Understanding ForEach Loops In PowerShell

PowerShell has a few different kinds of foreach loops from the foreach statement, the ForEach-Object cmdlet and the foreach method. In this video, Adam covers them all and compares how they all work.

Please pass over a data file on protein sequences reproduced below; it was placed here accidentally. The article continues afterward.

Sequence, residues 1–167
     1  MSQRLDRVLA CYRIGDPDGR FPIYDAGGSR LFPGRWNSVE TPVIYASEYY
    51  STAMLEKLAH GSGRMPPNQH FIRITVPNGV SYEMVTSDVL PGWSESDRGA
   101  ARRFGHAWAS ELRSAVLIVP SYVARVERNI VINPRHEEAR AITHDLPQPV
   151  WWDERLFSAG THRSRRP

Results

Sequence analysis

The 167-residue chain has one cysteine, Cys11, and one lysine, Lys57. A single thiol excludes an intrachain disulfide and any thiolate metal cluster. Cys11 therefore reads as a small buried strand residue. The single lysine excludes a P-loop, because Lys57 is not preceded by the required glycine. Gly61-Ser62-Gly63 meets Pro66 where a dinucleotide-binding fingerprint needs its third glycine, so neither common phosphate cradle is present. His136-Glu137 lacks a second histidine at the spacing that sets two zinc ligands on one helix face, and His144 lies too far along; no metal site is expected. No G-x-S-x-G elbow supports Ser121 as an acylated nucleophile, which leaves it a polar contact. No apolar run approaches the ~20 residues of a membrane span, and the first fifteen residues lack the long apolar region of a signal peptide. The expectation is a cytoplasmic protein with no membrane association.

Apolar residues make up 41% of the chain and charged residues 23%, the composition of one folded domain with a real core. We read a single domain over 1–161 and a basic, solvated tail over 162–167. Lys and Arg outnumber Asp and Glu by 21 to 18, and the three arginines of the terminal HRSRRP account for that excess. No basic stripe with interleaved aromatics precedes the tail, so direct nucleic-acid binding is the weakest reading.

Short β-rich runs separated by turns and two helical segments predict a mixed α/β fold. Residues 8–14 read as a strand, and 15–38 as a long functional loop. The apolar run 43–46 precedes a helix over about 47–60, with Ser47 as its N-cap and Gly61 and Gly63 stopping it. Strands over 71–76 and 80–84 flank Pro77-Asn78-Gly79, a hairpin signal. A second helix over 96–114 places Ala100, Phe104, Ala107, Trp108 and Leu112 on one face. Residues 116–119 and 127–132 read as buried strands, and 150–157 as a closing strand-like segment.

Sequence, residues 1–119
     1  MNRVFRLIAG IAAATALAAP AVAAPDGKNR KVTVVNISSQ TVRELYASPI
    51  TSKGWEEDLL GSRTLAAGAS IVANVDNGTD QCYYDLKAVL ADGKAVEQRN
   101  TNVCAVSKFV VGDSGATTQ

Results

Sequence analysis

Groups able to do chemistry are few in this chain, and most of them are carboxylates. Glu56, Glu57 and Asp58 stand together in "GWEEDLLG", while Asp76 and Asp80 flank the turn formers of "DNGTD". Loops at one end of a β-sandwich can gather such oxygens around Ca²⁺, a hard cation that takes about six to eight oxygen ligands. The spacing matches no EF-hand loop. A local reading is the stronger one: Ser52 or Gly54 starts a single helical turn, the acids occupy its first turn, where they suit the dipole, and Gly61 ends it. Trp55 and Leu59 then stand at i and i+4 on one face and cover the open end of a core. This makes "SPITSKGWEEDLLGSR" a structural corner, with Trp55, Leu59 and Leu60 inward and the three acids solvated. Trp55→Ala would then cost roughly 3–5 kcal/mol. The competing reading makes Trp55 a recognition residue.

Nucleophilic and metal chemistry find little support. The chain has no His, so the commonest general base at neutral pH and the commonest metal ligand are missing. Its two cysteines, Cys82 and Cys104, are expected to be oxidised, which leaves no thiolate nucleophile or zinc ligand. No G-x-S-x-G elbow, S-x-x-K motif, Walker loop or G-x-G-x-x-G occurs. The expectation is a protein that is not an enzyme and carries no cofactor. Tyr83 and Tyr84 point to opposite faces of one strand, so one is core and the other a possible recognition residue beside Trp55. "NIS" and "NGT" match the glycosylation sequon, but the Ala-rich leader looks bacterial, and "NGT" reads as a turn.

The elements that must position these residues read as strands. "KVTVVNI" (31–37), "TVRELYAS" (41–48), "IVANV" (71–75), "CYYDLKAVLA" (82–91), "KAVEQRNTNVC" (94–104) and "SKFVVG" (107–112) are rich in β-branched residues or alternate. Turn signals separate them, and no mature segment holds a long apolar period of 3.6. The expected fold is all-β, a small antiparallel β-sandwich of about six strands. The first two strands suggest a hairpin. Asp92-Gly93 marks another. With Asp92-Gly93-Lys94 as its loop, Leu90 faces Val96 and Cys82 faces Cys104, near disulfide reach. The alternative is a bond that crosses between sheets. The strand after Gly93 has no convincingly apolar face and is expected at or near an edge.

All right in this techsnip we're going to talk about understanding for each loops in PowerShell. Now the loop construct is very common, and you'll use this a lot, but it's not one thing that a lot of beginners start out with so to demonstrate why, why you would want to use a for each loop or any loop in the 1st place notice there on line 2 through 4. I have 3 different commands. I am adding content to a bunch of different files and I'm adding the same value to 3 different files so one thing that you need to lookout for when your scripting or programming in general is to be dry. And that’s meant to be don't repeat yourself, so notice that I am actually calling the same command. Add content 3 times with the same value on each of those that's a clear indication that we need a loop. But what's a for each loop, well a for each loop allows us to do the same action, Do the same expression multiple times on, The same a set of value. So to demonstrate that so let's say that looking up here again. What is the difference between each of these there's no difference in the command any of the parameters except for the path parameter so the path parameter has 3 different values. Their C folder file text program files and folder 3 they're different. To convert this to a for each loop a for each loop allows us to just run at add content and just dynamically put in what's different it allows us to eliminate all that redundancy. So to do that, we first need to bring in all these paths into an array. So we bring in all of the elements that are going to be different in this case, we have 3 file paths. So now we have 3 file paths in an array so that all works great. So how do you do a for each statement well a for each statement first of all is we have different for each loops. We have a for each statement in powershell. I have a for each objects cmdlet the first thing I'm going to talk about is the for each statement, then notice their on line 11. I kind of have a framework of the for each statement, the for each statement has an iterator and it has the collection that you're going to be actually looping through we call this looping through iterating over each of those. Elements in an array so we have the for each statement, then we have the close open paren and close paren, and inside there we have the iterator value it’s going to be the actually the iterator variable, which can be anything normally. It's it could be dollar I, could be dollar food, doesn't matter. The variable name and then we have the word in which is in whatever collection. It is this in this instance, we're iterating over an array and then on line 12 that we have. Code goes here iterator is available in here only so the iterator variable that will only expand inside of that for each loop. So let me show you an example of what this is so let's say that I have my path so paths has my 3 file paths in there and let's say that I want to read each of those I can reuse those with the for each loop so that worked by powerShell was able to read each of those values in paths and assign each of those elements one-at-a-time the dollar I variable but like I said, you don't have to use dollar I. dollar I is a common one in the programming world. But you can use path to just the singular form of path and that will work as well. The variable does not matter. Now that we had that for each loop we know that it's iterating over each of those at this point, I can then add run some kind of command in here, and reference Those values so this instance. I'm just going to use for each dollar, the dollar I in that collection, or that those paths array and then I'm going to call add content. So now that did exactly the same thing as before, and notice that I only use 3 lines here. I only 3 lines up here and this is a bad example. I guess but I could have used 50 up here and still use 3, so this is a lot cleaner way to perform an action on items in the collection. So next step is it's a little bit. PowerShell will leave you confused at this at first is that you have for the for each statement and the for each object cmdlet. And these do just about the same thing. They’re a little different under the hood. But for the beginner you probably don't need to worry about that, so let's say that I just ran this. I just have paths my array piped it to for each object so every one of those elements inside of path so all my different file paths each of those getting piped to the for each object cmdlet and then the for each objects. cmdlet has a process parameter. Which then is essentially the same thing as What I have here on line 22 it's just about exactly the same thing. There's some stuff under the hood and like I said it's different. But for all intents and purposes for the beginner just about the same thing. What ever you think is more intuitive personally I would use the for each statement over there for each cmdlet because it's a little bit faster, once you get started with some big arrays. But that's for another day that is the for each object cmdlet and for each object cmdlet has a lot of. Other parameters on here that you can play with like begin processing if your familiar with the pipeline. It has begin processing in remaining scripts member name. There's a lot of different parameters on here we’ll use but feel free to RT, RTFM I guess, and use the use the help and go to help for each object, and it will go through all those parameters for you alright so finally we have the for each method, so to make it even more fun in powershell version 4. They released a for each method and the for each method is actually a method on collection so how that works is since the method. We use dot notation to append the dot and then the name of the method so in this case, we have paths here and we use this by appending dot for each and then we have a open paren close paren like we do all methods and then we have a script block in between here this again. This does the exact same thing as the other ones but what you'll find is in this instance. It's much, much faster under the hood. They made some improvements in powerShell version four the for each method is much faster to use there's a few quirks, and things that we may get into on later snips there more more advanced. But if you're looking if you have a very large array like for example, if paths was I don't know 100 thousand elements or something and you do a performance test the for each method is typically the fastest because it's a method directly on the object itself. so that was a. A brief introduction to for each methods in powershell, hope it was worthwhile.